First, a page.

Tea party group marches on Annapolis, Ehrlich attends
Maryland's chapter of Americans for Prosperity, the grassroots group that sponsors "taxpayer tea parties" and that gained newfound attention for its role in raucous summer town hall meetings on health care reform, marched on Annapolis Wednesday night - or at least jumped up and down to stay warm outside the State House as the temperature hovered around freezing.
""We're all here tonight because we want change. We want the politicians who work in the buildings around us to understand that government cannot solve all of our problems," David Schwartz, AFP's Maryland director, yelled from a makeshift stage erected across the street, beside the governor's mansion. "Small businesses in this state are hurting. We want them to know that profit and prosperity are not dirty words. They are what makes us great. We need to get government off our backs."
Expectations for the rally were heightened last week when former Maryland governor Robert L. Ehrlich Jr. (R) used his radio program to promote the event, which coincided with the opening day of the state's 2010 legislative session.
"This is your night," Ehrlich, who is contemplating a rematch with Gov. Martin O'Malley (D), told his listeners Saturday on WBAL radio in Baltimore. "I want to encourage a major, major presence. I want to encourage the largest crowd ever in Annapolis, Maryland."
The event was certainly not the biggest -- one state law enforcement officer estimated the gathering at about 500 people. But Ehrlich, who arrived in a green winter coat and gloves, said the turnout made a statement - even if most members of Maryland's Democratic majority had long since left the State House.
"I've been telling everybody: don't expect your presence here tonight to change minds in there," Ehrlich said, motioning toward the State House. "You have two goals tonight, the fact that so many people showed up on a cold night ... that in and of itself says something. And I also make the point that it's a building block for November. There's only one game day here and the only day that really counts is November."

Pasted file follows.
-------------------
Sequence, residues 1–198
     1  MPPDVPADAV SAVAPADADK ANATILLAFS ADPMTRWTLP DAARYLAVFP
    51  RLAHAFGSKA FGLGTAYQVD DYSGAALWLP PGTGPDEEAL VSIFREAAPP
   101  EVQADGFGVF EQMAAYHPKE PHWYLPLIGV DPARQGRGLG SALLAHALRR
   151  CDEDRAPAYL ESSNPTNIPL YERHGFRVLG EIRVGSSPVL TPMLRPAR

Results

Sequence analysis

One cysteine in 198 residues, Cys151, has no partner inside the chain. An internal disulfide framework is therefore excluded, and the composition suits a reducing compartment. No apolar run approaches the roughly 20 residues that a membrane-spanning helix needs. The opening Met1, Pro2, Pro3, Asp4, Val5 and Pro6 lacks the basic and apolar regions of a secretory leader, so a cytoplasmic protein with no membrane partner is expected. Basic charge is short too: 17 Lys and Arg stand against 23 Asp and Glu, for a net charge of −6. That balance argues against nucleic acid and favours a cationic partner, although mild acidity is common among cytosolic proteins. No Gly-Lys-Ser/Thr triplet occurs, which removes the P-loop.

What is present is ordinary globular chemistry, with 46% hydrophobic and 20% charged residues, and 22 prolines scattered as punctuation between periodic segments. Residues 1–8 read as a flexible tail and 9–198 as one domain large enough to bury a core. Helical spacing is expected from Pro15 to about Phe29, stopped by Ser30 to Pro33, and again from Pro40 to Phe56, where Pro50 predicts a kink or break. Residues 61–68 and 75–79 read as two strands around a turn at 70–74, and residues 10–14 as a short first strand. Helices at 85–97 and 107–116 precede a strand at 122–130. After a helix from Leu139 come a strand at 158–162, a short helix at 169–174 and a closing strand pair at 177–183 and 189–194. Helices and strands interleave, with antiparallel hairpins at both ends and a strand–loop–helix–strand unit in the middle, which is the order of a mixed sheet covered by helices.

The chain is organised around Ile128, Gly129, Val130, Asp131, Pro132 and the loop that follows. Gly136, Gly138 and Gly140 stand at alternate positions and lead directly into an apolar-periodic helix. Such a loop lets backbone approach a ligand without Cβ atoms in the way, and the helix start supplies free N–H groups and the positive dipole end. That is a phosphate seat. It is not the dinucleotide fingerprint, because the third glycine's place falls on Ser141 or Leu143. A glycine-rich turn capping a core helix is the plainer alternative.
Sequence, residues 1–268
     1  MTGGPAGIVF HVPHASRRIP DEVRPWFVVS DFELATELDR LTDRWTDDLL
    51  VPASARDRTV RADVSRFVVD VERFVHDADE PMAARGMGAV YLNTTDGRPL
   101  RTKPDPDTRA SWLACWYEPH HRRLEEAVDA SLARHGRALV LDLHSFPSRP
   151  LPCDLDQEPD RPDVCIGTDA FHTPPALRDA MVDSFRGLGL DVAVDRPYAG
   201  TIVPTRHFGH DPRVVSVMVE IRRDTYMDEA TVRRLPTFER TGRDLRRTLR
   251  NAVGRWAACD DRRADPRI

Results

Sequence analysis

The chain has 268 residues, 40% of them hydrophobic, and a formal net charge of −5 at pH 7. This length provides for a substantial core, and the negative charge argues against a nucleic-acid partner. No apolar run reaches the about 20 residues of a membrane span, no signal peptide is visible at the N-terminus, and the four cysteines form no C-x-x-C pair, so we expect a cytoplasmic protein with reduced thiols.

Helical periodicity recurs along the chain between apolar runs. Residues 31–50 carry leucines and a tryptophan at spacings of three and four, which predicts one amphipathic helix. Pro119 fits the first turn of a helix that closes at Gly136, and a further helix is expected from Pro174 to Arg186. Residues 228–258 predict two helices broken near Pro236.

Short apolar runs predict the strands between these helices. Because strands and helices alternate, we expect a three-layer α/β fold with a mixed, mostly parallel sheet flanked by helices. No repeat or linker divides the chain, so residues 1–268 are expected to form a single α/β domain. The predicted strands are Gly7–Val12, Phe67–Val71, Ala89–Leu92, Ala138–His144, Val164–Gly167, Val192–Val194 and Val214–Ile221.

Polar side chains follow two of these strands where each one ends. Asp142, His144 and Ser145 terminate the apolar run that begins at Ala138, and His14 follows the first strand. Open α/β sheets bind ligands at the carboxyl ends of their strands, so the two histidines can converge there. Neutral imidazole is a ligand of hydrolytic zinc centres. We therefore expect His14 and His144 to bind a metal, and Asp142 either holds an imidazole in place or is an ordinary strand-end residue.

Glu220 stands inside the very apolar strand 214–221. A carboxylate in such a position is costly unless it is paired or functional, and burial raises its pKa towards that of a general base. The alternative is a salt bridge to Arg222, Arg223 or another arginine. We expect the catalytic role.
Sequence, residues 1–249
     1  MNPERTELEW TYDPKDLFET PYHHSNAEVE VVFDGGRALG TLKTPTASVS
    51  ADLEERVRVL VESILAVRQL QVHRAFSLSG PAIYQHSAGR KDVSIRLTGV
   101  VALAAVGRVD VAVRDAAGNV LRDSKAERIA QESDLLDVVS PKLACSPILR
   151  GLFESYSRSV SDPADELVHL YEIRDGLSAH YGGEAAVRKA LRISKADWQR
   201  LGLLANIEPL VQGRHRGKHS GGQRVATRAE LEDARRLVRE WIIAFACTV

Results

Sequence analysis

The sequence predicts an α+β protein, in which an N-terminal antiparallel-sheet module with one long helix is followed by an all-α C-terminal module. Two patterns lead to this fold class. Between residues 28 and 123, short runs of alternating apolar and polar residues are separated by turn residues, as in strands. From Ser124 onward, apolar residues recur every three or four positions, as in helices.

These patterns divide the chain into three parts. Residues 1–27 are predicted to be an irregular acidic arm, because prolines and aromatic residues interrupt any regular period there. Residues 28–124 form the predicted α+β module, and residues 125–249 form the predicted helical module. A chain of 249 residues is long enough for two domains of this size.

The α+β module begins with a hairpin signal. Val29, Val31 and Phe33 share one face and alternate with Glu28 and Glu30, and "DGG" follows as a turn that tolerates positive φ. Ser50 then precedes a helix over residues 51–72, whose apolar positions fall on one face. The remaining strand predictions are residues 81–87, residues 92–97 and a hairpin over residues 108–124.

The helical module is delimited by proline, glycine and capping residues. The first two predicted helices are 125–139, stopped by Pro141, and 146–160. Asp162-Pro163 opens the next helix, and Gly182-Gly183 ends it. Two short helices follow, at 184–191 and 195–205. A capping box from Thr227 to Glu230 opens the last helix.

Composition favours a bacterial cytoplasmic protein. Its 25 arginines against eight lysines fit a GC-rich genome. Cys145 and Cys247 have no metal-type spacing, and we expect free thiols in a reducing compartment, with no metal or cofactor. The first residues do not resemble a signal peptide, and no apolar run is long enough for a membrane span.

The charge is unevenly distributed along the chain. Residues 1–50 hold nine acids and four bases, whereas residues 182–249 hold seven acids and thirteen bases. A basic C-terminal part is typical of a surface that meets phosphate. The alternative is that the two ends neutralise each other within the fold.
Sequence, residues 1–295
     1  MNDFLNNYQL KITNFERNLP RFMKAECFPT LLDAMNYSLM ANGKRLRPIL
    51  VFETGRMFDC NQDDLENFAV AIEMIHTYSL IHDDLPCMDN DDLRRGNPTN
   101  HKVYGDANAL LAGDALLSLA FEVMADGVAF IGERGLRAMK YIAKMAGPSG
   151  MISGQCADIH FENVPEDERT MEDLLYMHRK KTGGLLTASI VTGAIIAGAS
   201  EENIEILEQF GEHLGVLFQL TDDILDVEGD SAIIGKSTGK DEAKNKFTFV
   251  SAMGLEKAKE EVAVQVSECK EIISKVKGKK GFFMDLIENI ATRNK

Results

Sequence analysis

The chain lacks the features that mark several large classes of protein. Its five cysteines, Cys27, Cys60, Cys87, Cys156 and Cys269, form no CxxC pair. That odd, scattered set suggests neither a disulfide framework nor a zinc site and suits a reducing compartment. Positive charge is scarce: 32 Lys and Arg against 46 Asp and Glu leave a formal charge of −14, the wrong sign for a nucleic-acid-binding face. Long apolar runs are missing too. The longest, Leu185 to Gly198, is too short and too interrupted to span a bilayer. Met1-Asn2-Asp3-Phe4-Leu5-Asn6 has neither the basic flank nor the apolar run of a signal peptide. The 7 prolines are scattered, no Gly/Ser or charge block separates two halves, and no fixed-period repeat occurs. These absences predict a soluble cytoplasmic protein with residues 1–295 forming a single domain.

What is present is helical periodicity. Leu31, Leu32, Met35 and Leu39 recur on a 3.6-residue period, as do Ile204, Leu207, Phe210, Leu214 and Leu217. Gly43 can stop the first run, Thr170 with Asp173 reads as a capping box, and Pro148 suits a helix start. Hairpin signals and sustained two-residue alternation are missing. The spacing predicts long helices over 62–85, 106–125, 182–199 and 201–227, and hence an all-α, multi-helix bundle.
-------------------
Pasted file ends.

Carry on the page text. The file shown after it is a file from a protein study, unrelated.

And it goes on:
Ehrlich did not address the crowd, and partially distanced himself from the gathering. "This is not an Ehrlich rally. I'm in the bleachers back here. On the radio show, they ...
asked me to give it some press and then [my wife] Kendel and I were saying, 'well we're asking people to come out in a cold tonight, we live two minutes up the road. We better show up, too.'"
Ehrlich did, however, call the turnout and popularity of the AFP a phenomenon, and said the make up of Wednesday night's gathering likely included many potential supporters.
"This is not just a Republican deal, there a lot of Democrats, Independents, Libertarians out here," Ehrlich said. "For a Republican [in Maryland] to have any chance, you really have to have an appeal to crossover Democrats, and they're out here tonight. ... you would expect in this type of crowd, sort of given the philosophy of a lot of these folks, that I'd have some appeal to them."
It's a tough call," he said, "I'm a Republican in Maryland and in every race the odds are going to be stacked against you. That's just the fact of it, whether you like it or not. That's why I've had a process, and people have been very respectful of the process, I really have to say that and I thank them for that." (Ehrlich has previously said he's studying polling, and taking a scientific approach to deciding whether he has a fighting chance).
Campaign or no campaign, Ehrlich said he was tired of O'Malley increasingly mischaracterizing his tenure in office, including, he said, in a radio appearance the governor made on Wednesday. Ehrlich declined to offer specifics.
"I'm at home, trying to get some work done and Kendel yells down, hey, you better turn the radio on, he's on WBAL saying 'Ehrlich, Ehrlich, Ehrlich.' I don't want to get involved in this but you also want to set the record straight. We will, regardless of what we're going to do, we're not going to let him get away with that stuff. Revisionist history is no more. We're not going to put up with it, I will not put up with it."
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